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Friday, October 16, 2015

Color Guard and Ballet

Well, sorry I disappeared again for a few weeks. Sometimes life gets in the way of writing. I haven't finished the ballet costume yet because I paused to work on some other projects, but I have made progress on the bodice.

The spiral steel boning came by the yard, so I had to cut it into the lengths I needed. I thought I would be able to cut it with wire cutters, but that was a bust. I just ruined a pair of wire cutters. So I used my husband's Dremel with cutting wheels--it took three because they  periodically broke. I didn't have a setting tool for the end caps, either, so there was a complicated system of me holding them in place with pliers while Jon pounded them with a hammer. They didn't end up pretty, but they did hold, and let's be honest--no one is ever supposed to see them. Spiral steel boning is ideal for ballet bodices because it has lots of strength, while still being extremely flexible in all directions, so the ballerina can bend any way she needs to.

 I made the boning casing by sewing twill tape to the seam allowances rather than sewing all the way through the bodice because I like the outside of a bodice to be smooth. I sewed the ends and the edge closest to the seam first, inserted the boning, then sewed the outer edge shut.

The center front got two pieces of boning because I couldn't put one in the very center without it showing, and it needed to be balanced. The side front and side seams each just got one piece in the seam allowance closer to the front.

I hand-stitched all of the seam allowances, with or without boning, to the bodice lining so everything would lay flat, but no stitches showed to the outside.
And here's what the outside  of the bodice looks like after all of the seam allowances for the piping were also stitched down. I made the piping myself out of bias strips of the bengaline and elastic cord.

Close-up of the piping.

Side view. Notice how you can't see the boning

I have not completed the back closures yet.
I also made new flags for a local high school's color guard recently. They were intended to look like the Aurora Borealis, and the choreographer drew a sketch of what she wanted and provided me with materials. Due to budget constraints, we used old flags that were just solid iridescent fabric as the base flags (instead of buying the same material new). They were too large, so I had to cut them down and re-hem them, but I left the pole pockets intact. There were wavy stripes of white and two shades of green, and she gave me new fabric for the greens, but I had to cut up old flags for the white as well.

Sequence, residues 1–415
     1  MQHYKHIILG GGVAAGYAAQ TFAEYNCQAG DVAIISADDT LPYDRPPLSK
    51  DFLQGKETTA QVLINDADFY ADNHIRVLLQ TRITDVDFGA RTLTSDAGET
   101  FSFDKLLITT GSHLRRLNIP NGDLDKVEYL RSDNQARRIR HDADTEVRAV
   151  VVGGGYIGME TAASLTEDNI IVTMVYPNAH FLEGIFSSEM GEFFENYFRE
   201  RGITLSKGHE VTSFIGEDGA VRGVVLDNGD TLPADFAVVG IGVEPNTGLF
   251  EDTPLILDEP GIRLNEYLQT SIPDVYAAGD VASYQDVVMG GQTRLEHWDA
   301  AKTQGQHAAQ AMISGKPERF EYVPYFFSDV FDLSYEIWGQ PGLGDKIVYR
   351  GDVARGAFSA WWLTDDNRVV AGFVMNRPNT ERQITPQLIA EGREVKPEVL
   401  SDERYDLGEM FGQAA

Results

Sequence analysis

I was given a sketch, but no true pattern, so I had to draw that out myself. My initial design for the white piece didn't quite fit the way it was supposed to. Luckily, I checked the fit by laying out the pattern pieces on one of the re-sized flags and caught the problem before wasting any fabric. Good thing, too, because I had barely enough of the dark green and the white.

This shows where I added to the top of this curve so I could cut away from the bottom of it because it was too shallow.
I sewed the lighter green pieces on first because they are the lowest layer of the design. Then I sewed the white pieces on part way, stopping before they curved back upward. The dark green pieces went on next, followed by sewing the white pieces the rest of the way on. This allowed the white pieces to go over the light green then under the dark green on their way down the flags, then over the dark green on the way back up. Luckily, the two greens never touch each other, or I might have gone crazy. I did a little anyway because I got behind and ended up having to caffeinate myself to stay awake for about 53 hours straight in order to deliver these on time. Yikes! I think I was having mild hallucinations by the end of it. I really don't recommend keeping yourself awake that long.

But however unpleasant staying awake that long may have been, it was worth it to not let down those girls, and I think the finished product looks nice. I didn't get to see their show (because I needed to sleep for a ridiculous amount of time), but I'm told the girls performed well, and the flags looked great on the field.

Bonus: By day I am a dental assistant, and my office is currently being judged in a pumpkin decorating contest sponsored by a nearby orthodontist office. As one of the more creative employees of my office, I ended up doing the actual decorating with a lot of input from my coworkers and some help from my wonderful husband.

A little extra detail on top. There's glitter, but that doesn't show up too well in the photos.

Do yourself a favor and enlarge this photo so you can see the beautiful wire work Jon did to make the undercarriage.

"C" for Cinderella

A friend loaned me a toy horse from her kids to complete the look.

If you want to go vote for us, visit Zaytoun Orthodontics' Facebook page, find the picture they posted that shows all of the entries, and comment, "#11." Thanks!

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